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Pipeline Road

pipeline road panama soberania national park birdwatching in panama

Perhaps Panama’s most famous birding destination, Pipeline Road, is located inside Soberania National Park. The park, measuring 48,287 acres (19,541 hectares), was established in 1980 and contains numerous trails, one of which is Pipeline Road.

The trail begins slightly north of Gamboa and is not far from the Panama Canal. It measures approximately 10.5 miles (17 km), though the section after the turnoff for the Rainforest Discovery Center is currently closed.

pipeline road panama soberania national park birding in panama
The Trail

The trail is well-maintained and composed primarily of dirt and stones. Thick forest lines both sides, so there are no expansive views; the overhead area is usually open. The road is mostly flat, with gradual inclines and declines. I'd say it's easy, low-impact walking. After a hard rain, there might be areas with large, deep puddles and mud, so I highly recommend hiking shoes — not sandals. If you get there early, it can be pretty dark. It isn't until 8:00-9:00 that the sun rises high enough to illuminate the trail.

pipeline road panama soberania national park birding in panama
pipeline road panama soberania national park birding in panama
pipeline road panama soberania national park birding in panama

Getting to Pipeline Road

Google Map - Pipeline Road Google Map - Albrook Bus Terminal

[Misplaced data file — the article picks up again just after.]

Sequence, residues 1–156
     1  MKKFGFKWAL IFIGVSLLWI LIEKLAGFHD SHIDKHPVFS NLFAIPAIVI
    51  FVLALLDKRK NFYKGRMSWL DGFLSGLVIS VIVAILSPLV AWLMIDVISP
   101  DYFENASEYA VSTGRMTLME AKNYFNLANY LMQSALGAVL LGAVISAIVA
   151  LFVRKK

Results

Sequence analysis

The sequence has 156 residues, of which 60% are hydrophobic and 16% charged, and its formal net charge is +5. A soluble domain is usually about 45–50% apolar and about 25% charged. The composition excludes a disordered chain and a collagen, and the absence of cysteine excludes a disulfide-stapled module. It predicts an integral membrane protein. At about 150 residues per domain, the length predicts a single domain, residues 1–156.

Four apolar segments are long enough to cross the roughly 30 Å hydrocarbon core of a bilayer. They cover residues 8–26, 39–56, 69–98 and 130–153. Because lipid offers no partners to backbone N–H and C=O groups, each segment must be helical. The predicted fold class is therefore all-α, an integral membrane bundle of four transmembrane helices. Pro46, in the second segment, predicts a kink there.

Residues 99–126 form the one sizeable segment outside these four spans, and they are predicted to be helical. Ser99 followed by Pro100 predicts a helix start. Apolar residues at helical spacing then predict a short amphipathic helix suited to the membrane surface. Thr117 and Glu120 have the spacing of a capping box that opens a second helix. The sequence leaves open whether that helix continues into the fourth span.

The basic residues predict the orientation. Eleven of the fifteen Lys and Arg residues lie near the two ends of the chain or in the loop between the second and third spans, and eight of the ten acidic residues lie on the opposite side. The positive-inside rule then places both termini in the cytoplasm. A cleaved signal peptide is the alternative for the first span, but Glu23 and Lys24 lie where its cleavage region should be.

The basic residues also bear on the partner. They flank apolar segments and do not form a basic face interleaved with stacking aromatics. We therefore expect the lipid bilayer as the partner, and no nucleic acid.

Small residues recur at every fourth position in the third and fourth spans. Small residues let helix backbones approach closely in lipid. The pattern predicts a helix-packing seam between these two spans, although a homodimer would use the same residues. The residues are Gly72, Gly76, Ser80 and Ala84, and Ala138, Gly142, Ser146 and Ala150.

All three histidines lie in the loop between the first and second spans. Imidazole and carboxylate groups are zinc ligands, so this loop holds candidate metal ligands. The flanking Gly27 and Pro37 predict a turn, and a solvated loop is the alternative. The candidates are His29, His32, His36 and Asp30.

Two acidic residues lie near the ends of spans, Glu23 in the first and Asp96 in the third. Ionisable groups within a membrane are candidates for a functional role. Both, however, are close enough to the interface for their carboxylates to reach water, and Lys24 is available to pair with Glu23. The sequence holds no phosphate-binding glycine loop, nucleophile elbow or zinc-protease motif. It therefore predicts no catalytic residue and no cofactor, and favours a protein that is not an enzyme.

There are no public buses that reach the entrance of Pipeline Road. Metro buses only go as far as Summit Gardens. However, small, private mini-vans service Gamboa from the Albrook Bus Terminal. They depart five times daily from behind the food eatery; you will need to look for the PIO PIO chicken fast-food restaurant. Walk to the right, and then turn left at the first entrance; you will see buses in front of you. To pass through the turnstiles, you will need a RAPI>PASS bus card, which you can purchase for $2.00 at the machine along the wall before reaching the turnstiles. In addition to the card, you will need to add $1.00 to cover the terminal entrance fee, which is $0.10. The bus trip costs $2.00 per person (each way) and takes approximately 45 minutes, depending on traffic.

Get off the bus at the last stop along the main road before turning right; before reaching Gamboa, you will cross over the Chagres River. There is an abandoned basketball court on the left side of the road.

From here, continue walking straight along the cement road, and shortly, you'll pass a Smithsonian Institute Scientific Research Station to your right. A few minutes later, the left side of the road opens up, and you'll see the canal and the many maintenance installations. Continue walking until you reach the intersection. From the bus stop, it shouldn't take more than 10 minutes.

At the intersection, stay left and continue along the asphalt road. There is a sign pointing to the Rainforest Discovery Center (2.4 Km).

After 4-5 minutes, the road turns to gravel and bends to the right. On the right side is a steel guard rail, and on the left is a railroad crossing. As you walk around the bend, there's a noticeable incline.

Follow this road for another 4-5 minutes, staying left until reaching a yellow security gate. Before the gate, turn right. There is another sign pointing to the Center (2.2 Km).

Further ahead (2-3 minutes) is the entrance to Pipeline Road, where you'll find an abandoned ranger station. If you are arriving by car, there is space off to the right where you can park; the road is not well suited for automobiles. Passenger vans, pick-ups, and SUVs are needed.

You can find more information here if you intend to visit the Rainforest Discovery Center.

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